St Mark’s Basilica (commonly known as the Basilica Cattedrale Patriarcale di San Marco) is the principal cathedral of the Roman Catholic Archdiocese of Venice, Italy. There are several well-known examples of Italo-Byzantine architecture in Rome, including the Basilica di San Clemente and Santa Maria Maggiore, respectively.
The basilica sits in the northeastern end of the Piazza San Marco, with buildings linked to it via a connecting bridge. The cathedral was formerly the chapel of the Doge, and has only been the seat of the Patriarch of Venice, archbishop of the Roman Catholic Archdiocese of Venice, since 1807, when it became the Patriarchate of Venice, Archdiocese of Venice, and the See of San Pietro di Castello.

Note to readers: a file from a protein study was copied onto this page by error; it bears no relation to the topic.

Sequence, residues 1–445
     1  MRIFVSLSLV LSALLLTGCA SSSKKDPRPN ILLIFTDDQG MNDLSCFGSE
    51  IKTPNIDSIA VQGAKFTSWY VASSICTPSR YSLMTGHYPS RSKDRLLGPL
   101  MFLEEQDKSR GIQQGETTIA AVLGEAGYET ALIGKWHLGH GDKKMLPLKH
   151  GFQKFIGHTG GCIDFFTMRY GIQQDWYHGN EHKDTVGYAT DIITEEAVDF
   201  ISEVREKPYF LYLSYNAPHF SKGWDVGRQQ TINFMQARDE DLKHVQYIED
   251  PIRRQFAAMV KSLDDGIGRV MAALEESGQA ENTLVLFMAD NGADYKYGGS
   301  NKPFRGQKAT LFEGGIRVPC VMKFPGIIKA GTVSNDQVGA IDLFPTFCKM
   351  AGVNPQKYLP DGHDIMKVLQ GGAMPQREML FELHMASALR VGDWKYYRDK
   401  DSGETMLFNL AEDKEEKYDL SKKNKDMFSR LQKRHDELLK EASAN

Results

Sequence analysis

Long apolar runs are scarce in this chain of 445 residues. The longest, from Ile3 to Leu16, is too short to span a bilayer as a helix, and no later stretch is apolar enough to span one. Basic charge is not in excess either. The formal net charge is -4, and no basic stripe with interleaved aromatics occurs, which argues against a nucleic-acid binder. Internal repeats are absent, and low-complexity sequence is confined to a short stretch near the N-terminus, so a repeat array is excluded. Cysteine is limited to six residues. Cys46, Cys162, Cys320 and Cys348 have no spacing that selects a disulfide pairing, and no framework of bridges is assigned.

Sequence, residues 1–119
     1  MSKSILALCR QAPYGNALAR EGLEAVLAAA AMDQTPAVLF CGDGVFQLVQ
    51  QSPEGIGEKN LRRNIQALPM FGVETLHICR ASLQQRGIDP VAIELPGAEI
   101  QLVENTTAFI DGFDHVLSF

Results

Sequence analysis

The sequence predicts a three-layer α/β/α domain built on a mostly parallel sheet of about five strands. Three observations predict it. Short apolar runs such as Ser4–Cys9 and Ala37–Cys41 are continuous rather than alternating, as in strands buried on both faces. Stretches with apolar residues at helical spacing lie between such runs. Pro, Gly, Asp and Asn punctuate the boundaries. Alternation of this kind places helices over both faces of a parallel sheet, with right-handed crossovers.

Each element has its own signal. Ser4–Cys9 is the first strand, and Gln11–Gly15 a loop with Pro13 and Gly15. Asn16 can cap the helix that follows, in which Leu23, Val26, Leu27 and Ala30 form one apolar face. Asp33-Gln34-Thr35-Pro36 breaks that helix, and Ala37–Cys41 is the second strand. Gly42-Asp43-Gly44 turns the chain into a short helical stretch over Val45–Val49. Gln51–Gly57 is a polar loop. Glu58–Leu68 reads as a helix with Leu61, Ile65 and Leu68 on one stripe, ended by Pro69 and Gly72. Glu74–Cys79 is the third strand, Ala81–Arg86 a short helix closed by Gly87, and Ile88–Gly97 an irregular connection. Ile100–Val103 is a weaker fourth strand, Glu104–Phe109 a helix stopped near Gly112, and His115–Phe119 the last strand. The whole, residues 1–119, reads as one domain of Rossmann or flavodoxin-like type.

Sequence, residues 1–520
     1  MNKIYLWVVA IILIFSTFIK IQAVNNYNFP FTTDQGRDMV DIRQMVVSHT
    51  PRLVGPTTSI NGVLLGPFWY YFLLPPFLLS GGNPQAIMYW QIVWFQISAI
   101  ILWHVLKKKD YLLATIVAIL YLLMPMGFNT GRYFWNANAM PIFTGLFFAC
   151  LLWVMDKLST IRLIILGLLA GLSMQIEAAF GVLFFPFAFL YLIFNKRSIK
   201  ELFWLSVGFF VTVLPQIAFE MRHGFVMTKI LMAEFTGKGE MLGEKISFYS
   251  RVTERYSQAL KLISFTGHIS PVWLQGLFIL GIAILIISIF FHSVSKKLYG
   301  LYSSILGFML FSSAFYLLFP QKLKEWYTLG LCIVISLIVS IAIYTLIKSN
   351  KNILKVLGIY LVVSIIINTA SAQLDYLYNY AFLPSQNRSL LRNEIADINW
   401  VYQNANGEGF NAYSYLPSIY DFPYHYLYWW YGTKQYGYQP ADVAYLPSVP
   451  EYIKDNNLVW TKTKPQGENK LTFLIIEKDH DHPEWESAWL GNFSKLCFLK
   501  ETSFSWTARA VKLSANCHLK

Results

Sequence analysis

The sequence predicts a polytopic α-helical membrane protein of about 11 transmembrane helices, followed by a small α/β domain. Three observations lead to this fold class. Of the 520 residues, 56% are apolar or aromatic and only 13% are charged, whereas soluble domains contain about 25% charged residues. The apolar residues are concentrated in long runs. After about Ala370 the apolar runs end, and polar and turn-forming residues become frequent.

This structure was built between the later part of the 11th century and the 12th century, and it is more likely that the influence on the building’s architecture and design was the Hagia Sophia. Much effort has been put into making this attractive, and the most famous façade has a Gothic-inspired roofline that is mostly elaborately decorated.
The current gold ground mosaics that cover almost all the interior of the building, including the upper floors, were painstakingly created over several centuries. Although domes have always been slightly domed, during the 13th century the external height of the domes was increased greatly by hollow drums raised on a wooden framework and covered with metal; original domes are shallower, as can be seen on the inside.
Together with St. Mark’s Square, Basilica is the main landmark in Venice and one of the top attraction in Italy.